Today I woke up at 4:45am! madness sheer madness but sailing it dictated by the tides to a large degree.
Here’s a few journey stats
HT (Sheerness) 04:53 LT (Sheerness) 10:42 Distance calculated to Whitaker East Cardinal 21.4nm
My aim was to leave around 05:30 just as the tide starts flowing east, and the trick is to get to the mouth of the River Crouch as the tide starts to flood and flow back into the river.
I prepped a flask of tea, did my engine checks, had a decent breakfast, slapped on some sun cream and was ready to roll by 6am.
There wasn’t much wind, and as the boat was already facing into the wind I raised the main and slipped off the mooring buoy with a little help from the engine.
Even at 6am it was heating up pretty quickly. I motor sailed along the edge of the Medway Channel to the No.1 buoy. I then headed north towards Sea Reach No1, which is at the edge of the Oaze precautionary zone which looks like a roundabout for tankers and other very large vessels. My aim was to slip across the Yanlet Channel (the main channel that runs into London for large vessels) near the precautionary area at a right angle. I saw a sailing boat play chicken with a tanker, who sounded his horn with annoyance. I decided to hang back and wait for Goliath to pass. Once the tanker came closer I made a bee-line for his behind lol, knowing that by the time I got anywhere close he’d be gone.
I quickly got over and started making my way up the West Swin Channel and Middle deep avoiding places known as Maplin Sands and Foul Sand, a vast expanse of sandbanks that stretch far out from land, only visible at low tide. Realising I was ahead of time I swung around to find a spot to let the boat drift whilst I had a cup of tea. The boat that had caused the tanker to vent his fury had been dilly-dallying around beforehand in front of me until I passed him, then as I swung around he decided to change direction, and shout out in his thickest white man van accent “WHERE YA GOIN”, “any bloody way but where you’re going” I thought. For 20 minutes I let the boat drift, had a cuppa and a biscuit, and christened the fishing rod. Didn’t catch a sausage, or a fish 🙁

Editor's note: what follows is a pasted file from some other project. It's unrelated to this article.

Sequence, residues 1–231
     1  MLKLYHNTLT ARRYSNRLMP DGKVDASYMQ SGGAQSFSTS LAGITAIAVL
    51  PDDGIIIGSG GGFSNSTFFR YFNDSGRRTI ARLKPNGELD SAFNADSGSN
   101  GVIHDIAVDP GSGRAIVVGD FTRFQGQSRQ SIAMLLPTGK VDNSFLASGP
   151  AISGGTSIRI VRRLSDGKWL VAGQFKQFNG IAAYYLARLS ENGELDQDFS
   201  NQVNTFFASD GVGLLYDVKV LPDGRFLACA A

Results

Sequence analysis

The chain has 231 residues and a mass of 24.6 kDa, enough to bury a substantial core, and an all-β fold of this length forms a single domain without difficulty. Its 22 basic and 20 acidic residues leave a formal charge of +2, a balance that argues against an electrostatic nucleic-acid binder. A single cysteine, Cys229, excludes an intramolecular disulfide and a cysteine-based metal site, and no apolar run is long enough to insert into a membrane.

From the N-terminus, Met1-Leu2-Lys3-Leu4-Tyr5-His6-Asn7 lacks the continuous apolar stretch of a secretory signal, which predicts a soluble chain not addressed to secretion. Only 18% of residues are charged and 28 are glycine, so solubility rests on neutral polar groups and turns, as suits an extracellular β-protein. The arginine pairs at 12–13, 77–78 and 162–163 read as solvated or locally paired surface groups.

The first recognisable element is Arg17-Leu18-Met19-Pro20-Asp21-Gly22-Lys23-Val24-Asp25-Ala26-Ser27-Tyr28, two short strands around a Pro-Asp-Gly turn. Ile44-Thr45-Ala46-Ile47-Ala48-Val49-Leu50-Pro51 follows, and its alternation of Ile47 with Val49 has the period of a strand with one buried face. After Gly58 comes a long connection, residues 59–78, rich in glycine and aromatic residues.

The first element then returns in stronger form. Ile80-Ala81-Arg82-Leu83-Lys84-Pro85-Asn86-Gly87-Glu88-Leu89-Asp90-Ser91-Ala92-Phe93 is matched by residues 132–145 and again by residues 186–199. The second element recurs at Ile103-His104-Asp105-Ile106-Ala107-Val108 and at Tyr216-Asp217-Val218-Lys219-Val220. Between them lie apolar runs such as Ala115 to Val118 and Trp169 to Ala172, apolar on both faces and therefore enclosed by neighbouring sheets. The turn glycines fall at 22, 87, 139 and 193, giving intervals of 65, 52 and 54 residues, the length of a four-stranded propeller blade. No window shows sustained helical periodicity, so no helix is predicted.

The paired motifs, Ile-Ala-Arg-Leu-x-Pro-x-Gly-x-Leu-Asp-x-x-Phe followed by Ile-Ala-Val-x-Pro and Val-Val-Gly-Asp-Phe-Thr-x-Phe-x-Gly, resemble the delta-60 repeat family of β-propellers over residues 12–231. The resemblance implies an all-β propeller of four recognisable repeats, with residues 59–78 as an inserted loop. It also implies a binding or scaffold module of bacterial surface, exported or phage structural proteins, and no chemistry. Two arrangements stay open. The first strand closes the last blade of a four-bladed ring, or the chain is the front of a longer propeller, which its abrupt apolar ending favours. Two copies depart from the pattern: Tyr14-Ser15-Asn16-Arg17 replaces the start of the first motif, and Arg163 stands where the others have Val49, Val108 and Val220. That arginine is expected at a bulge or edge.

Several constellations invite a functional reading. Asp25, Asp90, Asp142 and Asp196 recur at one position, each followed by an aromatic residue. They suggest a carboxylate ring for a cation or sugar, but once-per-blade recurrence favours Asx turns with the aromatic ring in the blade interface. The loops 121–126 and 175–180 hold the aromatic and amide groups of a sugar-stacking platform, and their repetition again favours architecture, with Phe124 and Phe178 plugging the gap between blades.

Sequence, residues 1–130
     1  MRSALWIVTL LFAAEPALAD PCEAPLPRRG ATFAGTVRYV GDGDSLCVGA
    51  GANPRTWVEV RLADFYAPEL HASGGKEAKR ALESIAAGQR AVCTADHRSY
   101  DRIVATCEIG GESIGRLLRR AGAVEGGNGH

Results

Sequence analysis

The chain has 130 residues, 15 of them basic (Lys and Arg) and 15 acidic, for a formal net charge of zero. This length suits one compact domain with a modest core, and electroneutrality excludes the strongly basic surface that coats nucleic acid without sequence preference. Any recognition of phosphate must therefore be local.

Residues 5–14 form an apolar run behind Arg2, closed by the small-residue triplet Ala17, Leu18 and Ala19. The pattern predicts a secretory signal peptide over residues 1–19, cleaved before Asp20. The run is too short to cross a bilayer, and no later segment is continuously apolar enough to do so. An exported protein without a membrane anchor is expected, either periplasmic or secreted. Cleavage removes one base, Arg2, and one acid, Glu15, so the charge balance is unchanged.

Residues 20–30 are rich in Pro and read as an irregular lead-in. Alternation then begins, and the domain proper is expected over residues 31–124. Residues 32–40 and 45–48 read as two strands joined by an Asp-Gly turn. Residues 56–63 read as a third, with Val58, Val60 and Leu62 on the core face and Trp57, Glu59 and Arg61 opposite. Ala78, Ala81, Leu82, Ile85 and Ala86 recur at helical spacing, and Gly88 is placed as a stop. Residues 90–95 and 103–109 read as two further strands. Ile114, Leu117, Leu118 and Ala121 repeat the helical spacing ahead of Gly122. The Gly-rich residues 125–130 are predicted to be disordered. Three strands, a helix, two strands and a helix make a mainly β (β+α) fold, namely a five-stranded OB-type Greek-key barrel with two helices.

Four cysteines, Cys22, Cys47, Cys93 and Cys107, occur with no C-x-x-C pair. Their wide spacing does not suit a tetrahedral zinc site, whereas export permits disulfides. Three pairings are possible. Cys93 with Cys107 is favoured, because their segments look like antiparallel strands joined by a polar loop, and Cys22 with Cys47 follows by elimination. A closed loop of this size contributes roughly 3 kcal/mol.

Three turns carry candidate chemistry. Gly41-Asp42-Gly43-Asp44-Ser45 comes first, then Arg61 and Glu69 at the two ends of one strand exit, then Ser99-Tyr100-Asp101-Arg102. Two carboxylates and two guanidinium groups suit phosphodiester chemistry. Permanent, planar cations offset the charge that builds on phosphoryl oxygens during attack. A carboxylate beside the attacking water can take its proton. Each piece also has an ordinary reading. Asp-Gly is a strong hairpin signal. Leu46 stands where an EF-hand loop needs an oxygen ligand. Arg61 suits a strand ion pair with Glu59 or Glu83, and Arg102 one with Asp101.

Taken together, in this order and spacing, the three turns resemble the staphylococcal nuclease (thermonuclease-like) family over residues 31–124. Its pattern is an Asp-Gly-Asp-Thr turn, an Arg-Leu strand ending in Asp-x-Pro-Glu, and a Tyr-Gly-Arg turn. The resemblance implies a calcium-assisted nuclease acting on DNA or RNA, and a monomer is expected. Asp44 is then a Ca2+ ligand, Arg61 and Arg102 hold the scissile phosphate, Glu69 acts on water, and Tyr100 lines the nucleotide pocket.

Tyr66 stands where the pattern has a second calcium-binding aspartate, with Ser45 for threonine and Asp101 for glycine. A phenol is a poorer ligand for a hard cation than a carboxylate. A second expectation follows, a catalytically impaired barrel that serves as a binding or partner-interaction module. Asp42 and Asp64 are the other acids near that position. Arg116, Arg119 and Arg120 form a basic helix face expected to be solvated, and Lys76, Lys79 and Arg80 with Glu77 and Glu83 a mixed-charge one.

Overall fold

As I left, Excalibur came under attack from the military, shells fells short of Excalibur, smoke and debris appeared over land in the distance, luckily I was out of range. I kept a good distance from the Shoeburyness artillery range, and for good reason.
I was fed up of flappy sails, so didn’t bother putting them back up, the wind simply wasn’t there, but the sun was and it was roasting!
I arrived near the Whitaker buoy when I wanted to be smack bang on time, slack water. The water shoals, and is very shallow in places, so it’s not possible to just hang a left and a left again to enter the river, you have to head out further north east, and then back again south west but in the channel. I watched a different sailing boat ahead of me go for the short cut, and then stop and continue parallel with me. Slightly suspicious he had bottled his short cut, and was copying me, my suspicions were confirmed when I decided I had passed the shallows and turned to port, he did exactly the same. Silly guy I thought, never copy me I’m a complete beginner!!! I took the Whitaker Channel in.
Typically the wind now started to pick up as I headed into the wind. Sails down, 30 knots of wind on the nose, couldn’t be bothered to beat, lets just get in as quickly as possible I thought.
I managed to view the famous seal colonies just off to port through the binoculars.
I made my way along the Crouch a lot easier than I had imagined. Reading the East Coast Pilot book I had visions of it being a complicate affair, but really it’s not Formula 1 and everything happened at a leisurely place, well it did today anyway.
I stopped outside Burnham Yacht Harbour and readied as many fenders as possible around the boat and set up my lines. I couldn’t raise the marina by VHF or by phone, until I found a different number off Google and got through straight away. I was to be met at a pontoon where someone would help me with my lines, which I was very grateful for. Typically they wanted me to go in port side, remember this is not my best side.
As I got in, the berths were empty but the wind was blowing me off the pontoon, and I drifted to the next set. I just couldn’t get Excalibur up along side the pontoon with the wind at 30 knots blowing me off, so I eventually drifted onto a starboard pontoon. No damage done, and luckily I had a couple of fenders on that side AND a midship line on there too. I’ve learnt it pays dividends to expect the unexpected and just fender and set lines of both sides to cover all eventualities. I’m definitely going to continue this going forward! For the sake of 5 extra minutes, a little bit of prep goes a long way! Phil already had my bow line and was directing my bow, the wind blew me onto the pontoon, and as I already had a midship line rigged, I was able to take that line and secure it so Excalibur wasn’t going anywhere! Yay!
All in all a successful trip. I didn’t get much sailing done, but I made my first solo passage, a whopping 41 miles! I’ll take that! I arrived at 13:30 so the journey took me 8 1/2 hours. I went on the basis that I would be doing 5 knots, so this works out perfectly given my tea break and my faffing around the entrance to the marina.
Trip Stats Miles: 41 Total Miles: 101 Expenses Lunch 10.40 Summer trip total expenditure £969.91